A bench of Justices D Y Chandrachud and Hima Kohli asked the chief secretaries of Bihar, Chhattisgarh, Jharkhand, Haryana, Karnataka, Madhya Pradesh, Odisha and UP to provide details of action taken by police on the alleged incidents within two months to the Union ministry of home affairs, which would tabulate the data and place it before the court.
The bench clarified that this exercise is meant to enable the court to take a decision whether the guidelines laid down by the SC in the Tehseen Poonawala case, relating to the establishment of a mechanism to deal with hate-speech mongers, could be applied to cases of communal violence against religious groups. “The court has not formed any opinion on the veracity of the allegations made in the PIL,” it said.
In the Poonawala case on July 17, 2018, the SC had laid down a detailed framework containing a 12-point preventive guideline, nine-point remedial guideline and two-point punitive guidelines.
Appearing for petitioners archbishop Peter Machod, National Solidarity Forum and the Evangelical Fellowship of India, senior advocate Colin Gonsalves said there is a definite pattern of targeted violence against churches in almost all states resulting in police disrupting the prayer gatherings.
He said there were a large number of such incidents across India last year in Andhra Pradesh, Assam, Chhattisgarh, Gujarat, Himachal Pradesh, Jammu and Kashmir, Karnataka, Maharashtra, Madhya Pradesh, Odisha, Pondicherry, Rajasthan and Telangana. Alarmingly, 510 pastors were arrested while only 70-odd perpetrators were taken into custody by police, he alleged.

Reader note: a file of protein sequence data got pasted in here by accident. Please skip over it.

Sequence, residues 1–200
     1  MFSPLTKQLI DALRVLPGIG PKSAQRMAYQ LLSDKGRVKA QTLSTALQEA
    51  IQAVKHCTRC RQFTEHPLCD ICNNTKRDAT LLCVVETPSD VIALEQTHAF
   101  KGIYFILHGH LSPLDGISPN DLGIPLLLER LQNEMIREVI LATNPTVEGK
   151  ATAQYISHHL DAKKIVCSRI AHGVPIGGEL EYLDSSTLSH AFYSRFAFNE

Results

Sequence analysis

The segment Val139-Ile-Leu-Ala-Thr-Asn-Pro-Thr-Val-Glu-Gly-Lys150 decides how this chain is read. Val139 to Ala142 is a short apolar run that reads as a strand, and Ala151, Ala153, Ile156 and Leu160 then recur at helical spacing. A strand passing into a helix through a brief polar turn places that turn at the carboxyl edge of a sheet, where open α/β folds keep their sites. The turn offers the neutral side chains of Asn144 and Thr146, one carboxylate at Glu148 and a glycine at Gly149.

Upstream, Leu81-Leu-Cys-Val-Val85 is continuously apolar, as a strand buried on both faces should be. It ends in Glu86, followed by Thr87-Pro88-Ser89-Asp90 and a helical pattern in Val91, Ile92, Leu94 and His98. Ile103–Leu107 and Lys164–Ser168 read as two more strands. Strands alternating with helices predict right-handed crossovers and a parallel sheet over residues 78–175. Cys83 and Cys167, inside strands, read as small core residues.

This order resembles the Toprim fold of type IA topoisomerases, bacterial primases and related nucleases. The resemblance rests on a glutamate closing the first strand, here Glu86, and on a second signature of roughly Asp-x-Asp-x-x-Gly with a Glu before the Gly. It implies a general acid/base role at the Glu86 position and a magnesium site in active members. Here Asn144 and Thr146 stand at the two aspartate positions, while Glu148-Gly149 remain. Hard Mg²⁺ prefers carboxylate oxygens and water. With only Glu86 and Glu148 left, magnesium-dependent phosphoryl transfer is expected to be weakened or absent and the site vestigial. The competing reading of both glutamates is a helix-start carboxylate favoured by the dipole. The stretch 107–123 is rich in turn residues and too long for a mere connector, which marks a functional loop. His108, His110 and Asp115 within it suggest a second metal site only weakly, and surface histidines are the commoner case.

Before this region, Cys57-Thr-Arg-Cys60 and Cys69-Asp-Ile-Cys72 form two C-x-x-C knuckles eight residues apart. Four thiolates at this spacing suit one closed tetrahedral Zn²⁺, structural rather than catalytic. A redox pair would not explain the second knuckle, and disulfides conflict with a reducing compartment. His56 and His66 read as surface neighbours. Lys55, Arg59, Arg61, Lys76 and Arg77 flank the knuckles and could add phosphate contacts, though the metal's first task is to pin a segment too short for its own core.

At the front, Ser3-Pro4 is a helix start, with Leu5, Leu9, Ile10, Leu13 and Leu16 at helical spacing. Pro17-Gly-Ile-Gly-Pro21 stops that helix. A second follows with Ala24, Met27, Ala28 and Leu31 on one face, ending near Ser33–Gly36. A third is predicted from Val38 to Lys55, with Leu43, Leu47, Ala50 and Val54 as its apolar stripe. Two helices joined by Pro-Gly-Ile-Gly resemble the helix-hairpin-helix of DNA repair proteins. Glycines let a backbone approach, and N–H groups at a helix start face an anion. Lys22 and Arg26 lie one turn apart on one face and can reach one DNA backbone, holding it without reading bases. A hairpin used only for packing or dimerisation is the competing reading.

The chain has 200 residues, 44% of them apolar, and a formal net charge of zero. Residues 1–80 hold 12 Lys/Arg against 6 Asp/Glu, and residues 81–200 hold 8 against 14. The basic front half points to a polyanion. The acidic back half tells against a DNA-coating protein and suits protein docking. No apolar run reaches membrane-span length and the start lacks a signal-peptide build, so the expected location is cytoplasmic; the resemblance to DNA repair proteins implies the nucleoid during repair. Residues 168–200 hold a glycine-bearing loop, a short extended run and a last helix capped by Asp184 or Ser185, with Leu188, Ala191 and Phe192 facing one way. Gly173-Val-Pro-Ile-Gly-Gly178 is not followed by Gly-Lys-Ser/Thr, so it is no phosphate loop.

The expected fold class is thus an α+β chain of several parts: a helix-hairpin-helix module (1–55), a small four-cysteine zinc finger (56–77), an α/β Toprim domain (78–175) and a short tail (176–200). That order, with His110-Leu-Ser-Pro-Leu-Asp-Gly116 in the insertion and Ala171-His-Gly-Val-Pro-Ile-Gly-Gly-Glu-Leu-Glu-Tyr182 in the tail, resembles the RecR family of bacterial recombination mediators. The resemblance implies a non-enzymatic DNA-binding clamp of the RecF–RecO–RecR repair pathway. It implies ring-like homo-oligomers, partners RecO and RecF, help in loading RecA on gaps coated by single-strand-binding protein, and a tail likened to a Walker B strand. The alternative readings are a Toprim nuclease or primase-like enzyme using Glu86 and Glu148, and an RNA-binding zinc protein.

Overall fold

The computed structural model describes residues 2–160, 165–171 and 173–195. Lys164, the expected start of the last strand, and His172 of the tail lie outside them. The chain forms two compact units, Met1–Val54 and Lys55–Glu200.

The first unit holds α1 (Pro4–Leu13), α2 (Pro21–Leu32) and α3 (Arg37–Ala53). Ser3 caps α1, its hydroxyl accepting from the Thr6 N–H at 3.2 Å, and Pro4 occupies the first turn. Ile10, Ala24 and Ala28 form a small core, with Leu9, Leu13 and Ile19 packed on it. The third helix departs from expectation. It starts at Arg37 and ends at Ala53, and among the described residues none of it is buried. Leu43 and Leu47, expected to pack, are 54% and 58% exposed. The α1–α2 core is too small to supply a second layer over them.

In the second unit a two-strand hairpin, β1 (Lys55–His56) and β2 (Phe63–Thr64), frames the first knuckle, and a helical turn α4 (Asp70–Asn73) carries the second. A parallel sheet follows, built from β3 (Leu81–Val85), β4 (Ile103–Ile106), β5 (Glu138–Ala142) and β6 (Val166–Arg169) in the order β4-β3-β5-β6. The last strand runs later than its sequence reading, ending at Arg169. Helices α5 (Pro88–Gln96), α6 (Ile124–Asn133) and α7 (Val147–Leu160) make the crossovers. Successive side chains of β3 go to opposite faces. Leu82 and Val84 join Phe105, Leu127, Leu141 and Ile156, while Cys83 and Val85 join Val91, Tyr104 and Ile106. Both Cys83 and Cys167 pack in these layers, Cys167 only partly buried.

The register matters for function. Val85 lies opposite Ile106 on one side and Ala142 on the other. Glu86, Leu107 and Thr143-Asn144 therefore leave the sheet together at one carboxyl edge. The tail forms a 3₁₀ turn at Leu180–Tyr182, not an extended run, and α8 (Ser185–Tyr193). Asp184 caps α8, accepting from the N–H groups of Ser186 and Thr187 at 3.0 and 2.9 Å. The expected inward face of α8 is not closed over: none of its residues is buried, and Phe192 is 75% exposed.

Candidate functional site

Solicitor general Tushar Mehta said, “There appears to be some hidden oblique agenda in filing such deceptive petitions, to create unrest throughout the country and perhaps for getting assistance from outside the country to meddle with internal affairs of our nation.”
“A preliminary fact-check of the mentioned incidents and the inputs received thereof revealed that about 162 incidents were not truthfully recorded and remaining 139 were either false or deliberately projected wrongfully as instances of targeted violence against Christians,” he added.
Drawing the court’s attention to the recent trend of sending self-serving fact-finding teams, getting their reports published in some tabloids and then making these reports the base for filing PILs, Mehta said the present petition has relied on a self-serving report titled ‘Hate and Targeted Violence Against Christians in India, 2021’ of the ‘Evangelical Fellowship of India-Religious Liberty Commission (EFI-RLC)’, highlighting incidents of violence against Christians and their properties.